"I've got a good grip on that" is a statement which today is mostly used figuratively. But it clearly shows how important it is not to let things get out of hand. Unfortunately, people still lose their grip while performing dangerous work and accidents happen. With 30%, hand injuries are the most frequent of all the injuries reported to the German social accident insurance DGUV. The situation is the same across Europe. In order to prevent such accidents it is important to wear the right gloves for work. Plant managers or safety managers together with the employees should determine which type of glove is best for which tasks. With approximately 1,500 exhibitors from 60 countries and more than 55,000 professionals visiting the leading international trade fair for safety, security and health at work, A+A 2011 in Düsseldorf, Germany (October 18 – 21, 2011) will provide a complete market overview of current product trends and hand protection solutions for various purposes.

Regulation BGR 195 of the German Institution for Statutory Accident Insurance and Prevention relates to the selection and use of protective gloves. According to the regulation, employers must complete an analysis of hazards in the workplace before the use of protective gloves. It must include the type and scope of risks, as well as the working conditions and health risks for employees. On one hand, the gloves to be used must provide optimal protection but, on the other hand, not limit the wearer's comfort, feeling of touch or ability to grip. Employers must draw up company directives which, among other things, define the type of gloves, duration of use, types of use, storage conditions and method of cleaning as well as any restrictions in use. In addition, based on the directives, employees must be instructed on the characteristics and handling of the gloves at least once a year.

Mechanical hand protection

A visit of A+A 2011 in October in Düsseldorf will once again impressively show that the range of protective gloves is huge, from category I disposable gloves for laboratories all the way to category III heat- and cut-resistant gloves for uses that could permanently impair employees' health. There are companies such as Ansell Health Care Europe, headquartered in Brussels, that manufacture protective handwear for virtually any area of use. Others, such as Mapa in Zeven and COMASEC in Neuenkirchen, have a broad range but originally started with chemical protection. August Penkert in Mühlheim/Ruhr is best-known for leather gloves.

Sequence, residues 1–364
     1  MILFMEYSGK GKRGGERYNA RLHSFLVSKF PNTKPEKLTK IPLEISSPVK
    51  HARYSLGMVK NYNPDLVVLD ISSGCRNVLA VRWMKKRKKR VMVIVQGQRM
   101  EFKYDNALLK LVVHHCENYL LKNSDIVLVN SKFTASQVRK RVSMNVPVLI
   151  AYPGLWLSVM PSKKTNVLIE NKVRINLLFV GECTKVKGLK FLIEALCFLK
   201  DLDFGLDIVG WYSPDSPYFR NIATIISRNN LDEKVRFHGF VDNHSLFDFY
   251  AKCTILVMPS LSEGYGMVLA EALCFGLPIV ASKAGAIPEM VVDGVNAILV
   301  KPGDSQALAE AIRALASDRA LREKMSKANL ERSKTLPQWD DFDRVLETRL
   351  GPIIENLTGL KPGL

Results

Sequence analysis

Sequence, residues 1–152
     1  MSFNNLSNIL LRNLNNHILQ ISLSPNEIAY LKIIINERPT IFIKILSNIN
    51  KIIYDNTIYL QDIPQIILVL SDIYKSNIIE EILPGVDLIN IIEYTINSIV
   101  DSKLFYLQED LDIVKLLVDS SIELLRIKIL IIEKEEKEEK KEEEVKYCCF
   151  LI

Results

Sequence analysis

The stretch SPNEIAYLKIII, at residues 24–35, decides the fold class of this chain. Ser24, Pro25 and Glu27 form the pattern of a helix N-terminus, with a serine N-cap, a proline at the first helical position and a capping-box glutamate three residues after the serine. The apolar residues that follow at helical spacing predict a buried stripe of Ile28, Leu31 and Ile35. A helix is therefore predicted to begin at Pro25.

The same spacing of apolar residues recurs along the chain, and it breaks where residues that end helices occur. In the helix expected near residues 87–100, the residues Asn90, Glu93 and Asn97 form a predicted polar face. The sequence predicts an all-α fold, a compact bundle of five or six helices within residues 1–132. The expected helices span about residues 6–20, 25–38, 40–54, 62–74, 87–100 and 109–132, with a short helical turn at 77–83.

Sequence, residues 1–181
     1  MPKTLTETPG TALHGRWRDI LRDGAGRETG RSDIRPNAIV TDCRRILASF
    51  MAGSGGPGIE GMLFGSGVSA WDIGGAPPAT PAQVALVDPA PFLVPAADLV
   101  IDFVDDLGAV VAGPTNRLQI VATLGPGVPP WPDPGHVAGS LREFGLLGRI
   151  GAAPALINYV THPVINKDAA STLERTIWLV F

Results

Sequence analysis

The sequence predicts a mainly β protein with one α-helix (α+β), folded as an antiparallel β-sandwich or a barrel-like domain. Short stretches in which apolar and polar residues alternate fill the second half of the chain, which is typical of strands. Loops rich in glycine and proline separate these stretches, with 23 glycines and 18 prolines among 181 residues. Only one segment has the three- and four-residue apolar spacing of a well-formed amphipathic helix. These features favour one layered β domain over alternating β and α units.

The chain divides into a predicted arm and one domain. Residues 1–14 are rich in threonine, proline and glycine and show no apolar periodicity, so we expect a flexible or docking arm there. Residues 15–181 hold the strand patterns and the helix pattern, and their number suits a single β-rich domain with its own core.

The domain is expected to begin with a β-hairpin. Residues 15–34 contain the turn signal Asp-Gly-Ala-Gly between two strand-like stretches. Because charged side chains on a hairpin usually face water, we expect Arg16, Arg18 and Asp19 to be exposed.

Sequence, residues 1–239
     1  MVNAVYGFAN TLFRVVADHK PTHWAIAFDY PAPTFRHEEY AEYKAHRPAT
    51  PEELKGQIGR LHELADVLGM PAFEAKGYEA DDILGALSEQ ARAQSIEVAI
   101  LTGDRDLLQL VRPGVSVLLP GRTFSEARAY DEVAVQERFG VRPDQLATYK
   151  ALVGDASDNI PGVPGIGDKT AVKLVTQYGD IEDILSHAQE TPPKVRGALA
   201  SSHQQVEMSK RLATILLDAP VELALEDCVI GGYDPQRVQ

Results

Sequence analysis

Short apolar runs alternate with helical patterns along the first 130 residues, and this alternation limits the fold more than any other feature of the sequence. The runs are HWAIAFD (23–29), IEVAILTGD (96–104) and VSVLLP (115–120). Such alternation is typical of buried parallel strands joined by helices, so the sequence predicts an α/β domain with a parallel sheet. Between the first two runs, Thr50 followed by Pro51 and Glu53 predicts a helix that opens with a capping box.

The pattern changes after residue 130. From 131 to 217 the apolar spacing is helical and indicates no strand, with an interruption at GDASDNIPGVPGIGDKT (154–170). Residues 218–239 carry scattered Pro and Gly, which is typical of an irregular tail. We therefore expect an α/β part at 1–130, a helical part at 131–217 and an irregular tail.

In the metal and glass processing industries, transportation, mechanical and systems engineering as well as the automotive industry the special aim is to provide effective protection against cuts, abrasions and puncture wounds together with good grip for work with dry as well as wet objects. Protection against mechanical hazards is explained in EN 388. It regulates abrasion resistance, cut resistance, tear propagation and puncture resistance, categorizing them from level 1 to level 4 (and level 5 for cut resistance). The higher the protective level, the lower the risk of injury.

W+R Seiz Gloves in Metzingen produces the new industrial installation glove RED MAMBA, with a black inside-hand coating. The distinctive characteristics of this five-finger glove are its high degree of abrasion resistance (level 4) and its good fit. The coating ensures very good grip when handling wet or oily objects.

To enhance secure grip, the uvex safety group's centre of expertise PROFAS developed a new coating technology which is currently used in the PROFI ERGO XG 20 A against mechanical hazards and in the RUBIFLEX S XG 35 B and XG 27 B against chemical hazards. The enhanced grip stability is achieved through multiple layering on the basis of a comfortable cotton liner. The nitrile coating is combined with a dense special coating filled with microchannels. These microchannels absorb liquid, thus ensuring a secure, dry grip. "The aim of the technology is to improve workplace safety through outstanding grip characteristics when oil or moisture is present while maintaining the existing advantages of the product", explained CEO Franz Keller.

Chemical resistant gloves

These gloves protect the hands from splashes or when immersed in chemicals and liquids in such sectors as the chemical, pharmaceutical, maintenance, automotive and construction industries. EN 374 describes protection against chemical and bacteriological hazards. There are two categories of chemical resistant gloves: chemical-resistant and low chemical-resistant gloves. Chemical resistant gloves must have a permeation level of 2 with at least three test chemicals (permeation means molecular penetration, penetration means macroscopic penetration, i.e. a tear or a hole). Low chemical-resistant protection means that the gloves are waterproof but provide poor protection against chemical hazards. EN 374 also sets out the standards for swelling.

The DGUV's German institute for occupational safety and health IFA provides support for companies in selecting chemical resistant gloves, but many manufacturers also offer assistance. The A+A 2011 exhibitor Mapa's colour code table describes which material is used as well as its strengths and scope of application. As an aid in decision-making, Ansell provides a table of chemicals as well as a table with the breakthrough times for each product pursuant to EN 374 for specific as well as a high degree of chemical protection. The search and selection criteria are based on the protection and performance requirements of the areas of application.